There doesn't appear to be an alternator or charging circuit on the outboard (1992 Evinrude 8hp 2 stroke), and the previous owner used to charge the battery by taking it home and hooking it up to an automotive charger. I've got access to shore power, but no AC system on board.

My initial thought was using a portable automotive battery booster as needed, although I have no idea if this is the best approach. Another option may be solar, although deck space is limited and we don't exactly have the sunniest weather in these parts! Are there any other options I may be missing? Any suggestions for how to keep the battery full?
with the loads you outline, a 15 watt solar charger would likely keep up with use just fine. leave it on the cabin top when in use, when you go sailing simply stow it away in the quarter berth. keep a voltmeter on board so you can check state of charge occasionally, and if you find your charge is not keeping up, plug in your battery charger to top off the battery. yes, it is not marine rated, yes, it is not the reccommended choice, but for 4 or 5 SUPERVISED hours a week of use, it won't be an issue. Check with your marina, though, before use- some get pissy about seeing Motomaster battery chargers on boats.
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Old 08-03-2010
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I agree with the flexible solar panel idea.

The automotive charger approach has shortfalls - if you leave it connected too long the simplistic car charger can overcharge the battery; running non-marine AC from dock to boat is asking for an accident. On a small boat keeping a car charger around to top up the battery is fine while you are puttering around the boat but don't leave it hooked up while you are gone.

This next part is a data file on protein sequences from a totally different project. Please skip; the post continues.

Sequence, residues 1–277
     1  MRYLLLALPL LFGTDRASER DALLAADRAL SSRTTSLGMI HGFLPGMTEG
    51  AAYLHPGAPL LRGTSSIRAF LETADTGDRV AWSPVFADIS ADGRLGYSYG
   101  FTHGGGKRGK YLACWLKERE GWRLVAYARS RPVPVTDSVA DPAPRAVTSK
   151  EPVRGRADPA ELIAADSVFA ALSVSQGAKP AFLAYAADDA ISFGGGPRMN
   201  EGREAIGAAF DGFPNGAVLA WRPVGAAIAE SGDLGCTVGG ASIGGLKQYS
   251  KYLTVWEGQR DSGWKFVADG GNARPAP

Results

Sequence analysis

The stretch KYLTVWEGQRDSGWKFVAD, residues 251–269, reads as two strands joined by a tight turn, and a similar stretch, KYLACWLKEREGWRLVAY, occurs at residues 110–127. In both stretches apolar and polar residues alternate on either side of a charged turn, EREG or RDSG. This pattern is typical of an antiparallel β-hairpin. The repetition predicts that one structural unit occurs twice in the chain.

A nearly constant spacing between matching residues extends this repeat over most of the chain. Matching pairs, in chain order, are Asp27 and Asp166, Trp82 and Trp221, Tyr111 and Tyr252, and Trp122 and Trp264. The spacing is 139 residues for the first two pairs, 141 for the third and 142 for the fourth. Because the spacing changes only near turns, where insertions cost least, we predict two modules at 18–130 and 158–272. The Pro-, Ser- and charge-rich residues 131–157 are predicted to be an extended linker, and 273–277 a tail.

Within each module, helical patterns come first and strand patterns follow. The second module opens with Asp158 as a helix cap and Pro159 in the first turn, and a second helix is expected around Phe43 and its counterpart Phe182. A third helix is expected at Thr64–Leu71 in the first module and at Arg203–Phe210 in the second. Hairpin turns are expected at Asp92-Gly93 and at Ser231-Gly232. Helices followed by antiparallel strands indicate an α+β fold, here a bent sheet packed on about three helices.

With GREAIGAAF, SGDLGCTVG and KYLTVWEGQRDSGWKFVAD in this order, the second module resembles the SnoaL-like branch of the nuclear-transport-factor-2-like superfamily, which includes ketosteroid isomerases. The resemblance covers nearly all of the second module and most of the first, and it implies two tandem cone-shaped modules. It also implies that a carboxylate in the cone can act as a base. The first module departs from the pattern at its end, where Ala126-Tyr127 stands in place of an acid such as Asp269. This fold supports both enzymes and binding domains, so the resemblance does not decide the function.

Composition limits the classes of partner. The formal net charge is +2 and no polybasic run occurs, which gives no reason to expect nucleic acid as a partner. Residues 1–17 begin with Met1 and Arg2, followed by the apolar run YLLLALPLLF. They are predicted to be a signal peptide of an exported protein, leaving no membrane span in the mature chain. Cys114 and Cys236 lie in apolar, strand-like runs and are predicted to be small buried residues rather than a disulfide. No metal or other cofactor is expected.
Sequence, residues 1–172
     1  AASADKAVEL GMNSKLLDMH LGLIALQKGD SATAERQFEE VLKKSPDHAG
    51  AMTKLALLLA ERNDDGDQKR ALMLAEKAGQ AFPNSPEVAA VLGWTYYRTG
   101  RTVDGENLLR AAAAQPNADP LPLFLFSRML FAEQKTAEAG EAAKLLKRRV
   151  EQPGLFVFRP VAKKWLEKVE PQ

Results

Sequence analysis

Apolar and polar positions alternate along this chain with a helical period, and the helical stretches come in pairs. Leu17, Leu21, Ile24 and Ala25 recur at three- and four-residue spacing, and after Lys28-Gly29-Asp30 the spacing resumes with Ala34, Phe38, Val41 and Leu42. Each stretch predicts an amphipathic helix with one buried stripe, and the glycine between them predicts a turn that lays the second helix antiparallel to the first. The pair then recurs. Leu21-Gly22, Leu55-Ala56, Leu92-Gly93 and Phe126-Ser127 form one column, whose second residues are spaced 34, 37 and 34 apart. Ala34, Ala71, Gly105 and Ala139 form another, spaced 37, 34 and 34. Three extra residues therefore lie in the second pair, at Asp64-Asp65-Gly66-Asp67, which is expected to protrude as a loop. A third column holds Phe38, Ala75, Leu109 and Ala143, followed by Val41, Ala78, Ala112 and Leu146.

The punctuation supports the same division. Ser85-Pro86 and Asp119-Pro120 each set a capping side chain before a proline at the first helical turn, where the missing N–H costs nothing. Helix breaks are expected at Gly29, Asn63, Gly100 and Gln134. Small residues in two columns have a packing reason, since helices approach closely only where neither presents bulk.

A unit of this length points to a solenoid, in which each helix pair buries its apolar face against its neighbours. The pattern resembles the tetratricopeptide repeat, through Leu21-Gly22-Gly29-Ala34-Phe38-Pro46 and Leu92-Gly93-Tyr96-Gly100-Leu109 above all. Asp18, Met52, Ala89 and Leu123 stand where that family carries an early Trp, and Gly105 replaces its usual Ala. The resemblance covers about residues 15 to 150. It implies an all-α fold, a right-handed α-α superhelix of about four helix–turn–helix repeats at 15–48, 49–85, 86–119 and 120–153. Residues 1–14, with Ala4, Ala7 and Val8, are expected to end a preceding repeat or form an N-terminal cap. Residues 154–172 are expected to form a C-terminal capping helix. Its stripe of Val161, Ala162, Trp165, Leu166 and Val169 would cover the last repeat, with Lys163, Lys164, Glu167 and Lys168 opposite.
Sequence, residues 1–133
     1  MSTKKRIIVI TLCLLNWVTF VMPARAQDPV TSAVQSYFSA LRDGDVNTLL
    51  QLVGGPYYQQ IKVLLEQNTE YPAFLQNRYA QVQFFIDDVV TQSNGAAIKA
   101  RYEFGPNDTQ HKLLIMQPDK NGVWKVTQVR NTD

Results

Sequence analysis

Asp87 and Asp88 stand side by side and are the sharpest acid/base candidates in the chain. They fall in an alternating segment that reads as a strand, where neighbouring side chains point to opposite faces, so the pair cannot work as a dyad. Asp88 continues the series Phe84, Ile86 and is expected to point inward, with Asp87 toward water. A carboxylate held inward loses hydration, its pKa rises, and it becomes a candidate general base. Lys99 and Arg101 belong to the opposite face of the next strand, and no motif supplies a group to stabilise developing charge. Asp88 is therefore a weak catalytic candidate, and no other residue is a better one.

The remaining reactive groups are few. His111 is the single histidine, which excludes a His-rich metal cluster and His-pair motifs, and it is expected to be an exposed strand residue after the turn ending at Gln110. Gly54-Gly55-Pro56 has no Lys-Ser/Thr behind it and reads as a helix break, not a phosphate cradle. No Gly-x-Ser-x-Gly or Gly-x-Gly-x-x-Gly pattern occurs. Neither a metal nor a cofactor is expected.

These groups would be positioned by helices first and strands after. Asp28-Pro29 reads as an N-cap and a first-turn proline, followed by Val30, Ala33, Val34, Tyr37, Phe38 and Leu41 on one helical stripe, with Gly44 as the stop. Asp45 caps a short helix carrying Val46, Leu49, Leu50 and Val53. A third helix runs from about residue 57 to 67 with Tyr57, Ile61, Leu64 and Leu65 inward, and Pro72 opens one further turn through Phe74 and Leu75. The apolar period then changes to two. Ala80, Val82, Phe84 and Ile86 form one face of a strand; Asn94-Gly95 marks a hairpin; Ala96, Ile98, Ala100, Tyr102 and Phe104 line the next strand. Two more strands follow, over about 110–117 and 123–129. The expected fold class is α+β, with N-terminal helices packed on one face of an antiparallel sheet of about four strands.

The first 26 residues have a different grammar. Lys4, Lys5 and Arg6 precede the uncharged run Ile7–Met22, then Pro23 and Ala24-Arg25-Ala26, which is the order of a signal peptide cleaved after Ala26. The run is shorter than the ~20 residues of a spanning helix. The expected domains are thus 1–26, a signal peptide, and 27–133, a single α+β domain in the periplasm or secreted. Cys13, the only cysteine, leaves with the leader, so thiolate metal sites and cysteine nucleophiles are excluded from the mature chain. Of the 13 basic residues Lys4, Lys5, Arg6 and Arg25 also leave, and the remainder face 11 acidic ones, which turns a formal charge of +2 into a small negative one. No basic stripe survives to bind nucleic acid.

Even in Newfoundland there should be enough sunlight to keep the batteries up on a daysailer/weekender.

Do you have US-spec 30A outlets or EU-type 16A outlets on the dock?
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Old 08-03-2010
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I agree with the solar recommendation. Your back will thank you for it!
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Old 08-04-2010
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Thanks for the suggestions- it looks like solar might be a decent longer term option. Any suggestions on reliable suppliers for the flex panels?

@SVAuspicious - we've got US standard 30A outlets on the dock.
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Old 08-05-2010
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For many years now I have had a small solar panel,mounted on my sliding hatch-it charges two 80 AH deep cycling batteries.Again no engine charger.
It quite happily keeps batteries topped up for weekend sailing and powers up a small bilge pump which the wooden sixty five year old boat needs.In fact one of the batteries deserves an award-its well over 10 years old!
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Old 08-05-2010
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Can't comment on the flexible style, but I just bought a 15A rigid panel at Tractor Supply. It was approx $120 and had a controller, blocker diode and three different ways to connect to the battery.
You should also check Harbor Freight Tools, Home Depot and Lowe's.
Paul
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Old 08-05-2010
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I'd be interested in what the 3 different ways are.